Marcy Kennedy

How to Make Your Novel Scratch and Sniff

Sense of Smell in FictionDo you want your reader to feel like they’re part of your world? Do you want your setting to stick with them long after they’ve closed your book?

One of the best ways to bring your fictional world to life is to use all five senses. Because each sense comes with its own unique strengths and challenges, today I’m starting into a new series to give smell, taste, touch, sight, and sound their due.

The trick with smells is that if you include too many you can burn your reader out the way you deaden your nose if you smell every candle in the Yankee Candle store. (Not that I’m admitting to having done that, but in case you were wondering, my favorite is the Buttercream.)

Three techniques can help you make the most of the smells you choose.

Connect the Smell to an Emotion

Smell can be one of the most powerful senses in your fiction because of its ability to evoke emotions. You probably associate certain smells with memories, people, or places. I hate the way the dentist office smells like burning hair. The smell comes from the singed protein of teeth being drilled, and I associate that smell with pain. If I’m stressed, the warm scent of a clean dog will calm me down because I associate it with the comfort I find in my Great Dane when I throw my arms around her after a hard day.

Think about your own life and what smells evoke memories and emotions. Why do they have that effect on you? You don’t need to duplicate that precise smell in your fiction (you should find one that belongs organically to your character), but by paying attention to how smells intertwine throughout your life, you can learn how to build them into your stories.

If you’re struggling with how to naturally slide in necessary backstory, smell can be your saving grace. As Roni Loren recently pointed out in her post on How to Dish Out Backstory in Digestible Bites, something needs to trigger a memory in order to introduce backstory. Because of how memories cling to scents, smells work as a perfect trigger.

Choose One “Showpiece” Scent

In Ted Dekker’s The Boneman’s Daughter, the serial killer is addicted to Noxzema. I think about it every time I wash my face. That’s the staying power of giving a single scent a starring role.

This isn’t just for fiction writers. For non-fiction writers, you can create the same lasting memory by finding the one key smell to grab your readers. It could be the difference between a forgettable article or chapter in your book and motivating your readers to act. Are you writing a parenting book? What smell defines motherhood for you? How did that smell grow and change with your child? Differ between sickness and health?

Even though you’ll have other scents in your book, weaving one key smell throughout, changing it, playing off of it in moments of tension, ties your entire story together and imprints it on your reader’s mind. The next time they smell that scent in the world, they’ll think of your book.

Contrast a Good Smell with a Bad One

Choosing two antagonistic scents can be done simply to make both smells stand out more than they would on their own, complement a theme, or subtly support what’s happening inside your character.

In my co-written historical fantasy, our main male character is torn between the desire to sleep with his new female slave and the desire to obey his new God who forbids it. He commands her to strip off her tunic, and when she does, the scent of sweat and cypress invades his nostrils. The opposing scents mirror the struggle between his opposing desires.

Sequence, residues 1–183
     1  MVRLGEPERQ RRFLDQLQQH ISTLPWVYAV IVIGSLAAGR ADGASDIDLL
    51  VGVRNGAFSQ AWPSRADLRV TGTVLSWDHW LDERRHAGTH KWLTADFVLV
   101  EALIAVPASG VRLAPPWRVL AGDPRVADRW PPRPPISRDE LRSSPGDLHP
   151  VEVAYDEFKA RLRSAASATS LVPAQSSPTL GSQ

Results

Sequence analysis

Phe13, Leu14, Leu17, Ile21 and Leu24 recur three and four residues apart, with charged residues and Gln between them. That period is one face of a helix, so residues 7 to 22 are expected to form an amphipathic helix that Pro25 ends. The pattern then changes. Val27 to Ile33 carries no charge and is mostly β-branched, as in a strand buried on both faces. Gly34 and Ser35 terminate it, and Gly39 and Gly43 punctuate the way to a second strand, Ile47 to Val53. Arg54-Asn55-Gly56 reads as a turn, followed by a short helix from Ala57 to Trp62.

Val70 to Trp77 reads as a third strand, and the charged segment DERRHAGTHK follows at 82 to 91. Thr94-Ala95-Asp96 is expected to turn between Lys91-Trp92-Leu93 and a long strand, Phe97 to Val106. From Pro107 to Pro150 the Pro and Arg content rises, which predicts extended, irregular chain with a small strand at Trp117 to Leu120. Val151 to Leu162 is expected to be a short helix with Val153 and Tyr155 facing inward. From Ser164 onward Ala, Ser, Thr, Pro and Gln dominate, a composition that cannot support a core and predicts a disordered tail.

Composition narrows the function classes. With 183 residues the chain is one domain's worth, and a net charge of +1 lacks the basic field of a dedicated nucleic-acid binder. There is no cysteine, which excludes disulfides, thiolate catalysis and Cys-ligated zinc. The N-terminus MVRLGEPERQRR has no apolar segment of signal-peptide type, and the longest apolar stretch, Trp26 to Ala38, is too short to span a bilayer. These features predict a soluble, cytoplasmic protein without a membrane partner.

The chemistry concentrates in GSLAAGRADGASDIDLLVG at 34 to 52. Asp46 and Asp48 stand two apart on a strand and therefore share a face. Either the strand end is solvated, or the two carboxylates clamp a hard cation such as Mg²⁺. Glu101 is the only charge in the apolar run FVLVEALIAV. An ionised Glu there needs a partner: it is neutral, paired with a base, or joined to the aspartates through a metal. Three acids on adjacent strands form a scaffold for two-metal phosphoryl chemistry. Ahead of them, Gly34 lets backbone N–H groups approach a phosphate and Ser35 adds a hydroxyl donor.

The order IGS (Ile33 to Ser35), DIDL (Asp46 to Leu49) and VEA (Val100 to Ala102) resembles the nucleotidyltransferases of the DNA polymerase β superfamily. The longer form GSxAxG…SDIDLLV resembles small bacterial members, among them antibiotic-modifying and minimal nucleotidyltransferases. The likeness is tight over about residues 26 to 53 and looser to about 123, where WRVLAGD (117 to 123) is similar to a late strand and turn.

In The Hunger Games trilogy, President Snow smells like blood and roses. He uses the roses to cover up the fact that his breath reeks of blood, and this becomes a metaphor in a way for how the beauty and glitz of the capital tries to disguise the repulsiveness of the country’s situation. Suzanne Collins could have just had him smell like blood, but the contrast with something as beautiful and symbolic as roses made the smell of blood that much more grotesque. And Katniss is never able to think about roses the same way again.

What smell brings back a strong emotion for you, either good or bad?

Interested in more ways to improve your writing? Grammar for Fiction Writers is now available from Amazon, Kobo, or Smashwords. (You might also be interested in checking out Showing and Telling in Fiction or Dialogue: A Busy Writer’s Guide.)

All three books are available in print and ebook forms.

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Do You Ever Feel Like You Don’t Fit In?

How to Train Your DragonIf you’ve ever felt like you don’t fit in, you have something in common with a Viking teenager named Hiccup.

Hiccup is the scrawny, clumsy, yet creative son of the Viking chieftain in the Dreamworks movie How to Train Your Dragon. No one quite understands Hiccup’s unique ways of doing things. More than anything he wants to kill one of the mysterious Night Fury dragons who attack his village, because he thinks that if he does, he’ll earn his father’s respect and won’t be the laughingstock of his tribe any more. All of Hiccup’s attempts to fit in only make him stick out more, and the girl he has a crush on thinks he’s a loser.

At times I’ve felt a lot like Hiccup. I grew up a sparrow in a family of blue jays. I desperately wanted them to like me and be proud of me. I wanted to feel like I fit in and was accepted, but I couldn’t hide how different I was. Like Hiccup, my weirdness always reared its head at the most inconvenient times.

But Hiccup figured out quicker than I did that, when you’re willing to be yourself, you’ll find truly creative solutions to the problems you’re facing.